India has launched one of the world’s largest vaccination campaign against measles, a major childhood killer disease, and congenital rubella syndrome (CRS), responsible for irreversible birth defects.


The campaign launched last Tuesday to vaccinate more than 35 million children in the age group of nine months to 15 years with MR (measles and rubella) vaccine, once again demonstrates India’s commitment to improve health and well-being of its people by protecting children against vaccine preventable diseases.

The first phase of the campaign is significant as it is expected to accelerate the country’s efforts to eliminate measles which affects an estimated 2.5 million children every year, killing nearly 49,000 of them. The campaign also marks the introduction of rubella vaccine in India’s childhood immunization program to address CRS which causes birth defects such as irreversible deafness and blindness in nearly 40 000 children every year.

India has made important efforts and gains against measles in recent years. Measles deaths have declined by 51% from an estimated 100,000 in the year 2000 to 49,000 in 2015. This has been possible by significantly increasing the reach of the first dose of measles vaccine, given at the age of nine months under routine immunization program, from 56% in 2000 to 87% in 2015. In 2010 India introduced the second dose of measles-containing vaccine in routine immunization program to close the immunity gap and accelerate measles elimination. Nearly 118 million children aged nine months to 10 years were vaccinated during mass measles vaccination campaigns between 2010 and 2013 in select states of India.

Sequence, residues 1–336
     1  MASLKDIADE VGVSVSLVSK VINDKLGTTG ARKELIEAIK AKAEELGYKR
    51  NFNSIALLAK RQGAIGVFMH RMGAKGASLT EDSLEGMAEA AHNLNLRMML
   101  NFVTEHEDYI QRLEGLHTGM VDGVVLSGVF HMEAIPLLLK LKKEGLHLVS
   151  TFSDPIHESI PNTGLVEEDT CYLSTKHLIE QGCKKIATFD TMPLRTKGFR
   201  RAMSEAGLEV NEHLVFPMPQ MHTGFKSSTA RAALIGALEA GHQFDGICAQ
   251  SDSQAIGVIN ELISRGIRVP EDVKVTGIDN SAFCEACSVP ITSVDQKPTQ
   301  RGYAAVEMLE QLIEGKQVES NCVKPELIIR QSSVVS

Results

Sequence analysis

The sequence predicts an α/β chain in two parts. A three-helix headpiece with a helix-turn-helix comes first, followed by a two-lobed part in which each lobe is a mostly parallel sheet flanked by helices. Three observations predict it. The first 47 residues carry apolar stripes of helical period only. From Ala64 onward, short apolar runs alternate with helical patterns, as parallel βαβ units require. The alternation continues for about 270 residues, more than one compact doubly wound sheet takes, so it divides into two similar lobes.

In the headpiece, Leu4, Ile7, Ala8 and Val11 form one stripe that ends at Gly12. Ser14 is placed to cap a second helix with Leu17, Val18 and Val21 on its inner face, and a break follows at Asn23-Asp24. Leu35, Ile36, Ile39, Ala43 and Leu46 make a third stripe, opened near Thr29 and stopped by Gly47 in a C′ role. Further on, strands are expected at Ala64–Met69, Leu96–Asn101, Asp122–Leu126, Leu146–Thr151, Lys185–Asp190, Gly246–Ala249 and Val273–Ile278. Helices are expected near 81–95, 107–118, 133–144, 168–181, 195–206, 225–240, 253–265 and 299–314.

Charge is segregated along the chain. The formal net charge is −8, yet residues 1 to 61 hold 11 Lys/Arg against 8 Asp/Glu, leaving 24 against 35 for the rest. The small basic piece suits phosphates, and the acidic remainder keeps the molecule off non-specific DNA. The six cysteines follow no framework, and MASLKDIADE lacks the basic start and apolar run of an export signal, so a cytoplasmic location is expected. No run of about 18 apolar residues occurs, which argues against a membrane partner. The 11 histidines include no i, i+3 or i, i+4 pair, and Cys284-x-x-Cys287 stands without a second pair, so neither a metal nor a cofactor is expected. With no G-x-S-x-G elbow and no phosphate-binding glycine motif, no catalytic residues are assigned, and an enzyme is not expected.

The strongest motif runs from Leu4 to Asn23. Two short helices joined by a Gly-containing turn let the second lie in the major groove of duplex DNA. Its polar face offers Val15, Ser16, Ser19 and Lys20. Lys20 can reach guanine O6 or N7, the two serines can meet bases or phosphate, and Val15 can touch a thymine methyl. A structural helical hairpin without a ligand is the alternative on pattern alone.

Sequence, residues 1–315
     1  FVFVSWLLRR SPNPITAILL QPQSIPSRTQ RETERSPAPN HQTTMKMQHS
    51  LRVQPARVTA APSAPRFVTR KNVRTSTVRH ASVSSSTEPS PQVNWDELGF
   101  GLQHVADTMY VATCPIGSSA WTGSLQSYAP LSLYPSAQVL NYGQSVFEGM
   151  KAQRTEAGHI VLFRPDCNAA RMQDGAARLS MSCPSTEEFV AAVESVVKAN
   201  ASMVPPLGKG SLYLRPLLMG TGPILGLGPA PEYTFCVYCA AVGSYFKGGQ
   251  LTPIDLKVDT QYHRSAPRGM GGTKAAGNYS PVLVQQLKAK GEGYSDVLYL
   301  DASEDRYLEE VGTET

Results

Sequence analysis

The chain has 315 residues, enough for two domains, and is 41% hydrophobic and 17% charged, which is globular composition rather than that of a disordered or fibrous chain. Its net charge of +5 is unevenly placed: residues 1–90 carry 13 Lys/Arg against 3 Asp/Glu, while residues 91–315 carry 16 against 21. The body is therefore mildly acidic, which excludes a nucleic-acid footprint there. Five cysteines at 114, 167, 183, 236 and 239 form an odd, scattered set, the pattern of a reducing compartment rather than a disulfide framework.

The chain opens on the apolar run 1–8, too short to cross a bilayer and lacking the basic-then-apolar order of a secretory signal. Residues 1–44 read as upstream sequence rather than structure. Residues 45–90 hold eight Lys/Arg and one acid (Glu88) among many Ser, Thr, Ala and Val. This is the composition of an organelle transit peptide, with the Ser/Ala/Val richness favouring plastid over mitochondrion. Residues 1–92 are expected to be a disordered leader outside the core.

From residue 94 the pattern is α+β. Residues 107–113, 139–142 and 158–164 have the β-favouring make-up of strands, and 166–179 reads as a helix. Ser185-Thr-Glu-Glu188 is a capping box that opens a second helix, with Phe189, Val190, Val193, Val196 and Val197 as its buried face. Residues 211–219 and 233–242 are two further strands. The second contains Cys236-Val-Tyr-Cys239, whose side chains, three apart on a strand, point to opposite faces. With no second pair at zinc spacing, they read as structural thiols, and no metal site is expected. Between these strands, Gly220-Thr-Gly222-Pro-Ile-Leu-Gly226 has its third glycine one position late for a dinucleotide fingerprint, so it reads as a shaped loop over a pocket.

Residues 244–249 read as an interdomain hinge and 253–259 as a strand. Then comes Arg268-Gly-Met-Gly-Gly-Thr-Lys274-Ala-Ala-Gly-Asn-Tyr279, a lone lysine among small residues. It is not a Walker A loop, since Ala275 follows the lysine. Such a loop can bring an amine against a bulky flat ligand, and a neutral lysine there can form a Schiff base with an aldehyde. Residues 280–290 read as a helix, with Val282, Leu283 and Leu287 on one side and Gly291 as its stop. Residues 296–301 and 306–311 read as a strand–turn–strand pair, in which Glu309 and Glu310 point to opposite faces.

The campaign, the first in the series to cover a total of 410 million children across the country over the next 2 years, is a truly remarkable, world-beating effort. Apart from improving the life-chances of millions of children in India, the campaign is expected to have a substantial effect on global measles mortality and rubella control target as India accounts for 37% of global measles deaths.

For the MR campaign to be effective, it is important that throughout its duration, and in routine immunization thereafter, no child is left behind.

Simultaneously, India continues to further strengthen surveillance for measles and rubella, an important learning from India’s polio eradication program that helped to identify infected and vulnerable areas and populations and enabled the program adopt appropriate strategies to eradicate the disease.

India has already beaten smallpox, polio, maternal and neonatal tetanus and, very recently, yaws. Further gains in the battle against measles will help achieve a number of other public health priorities.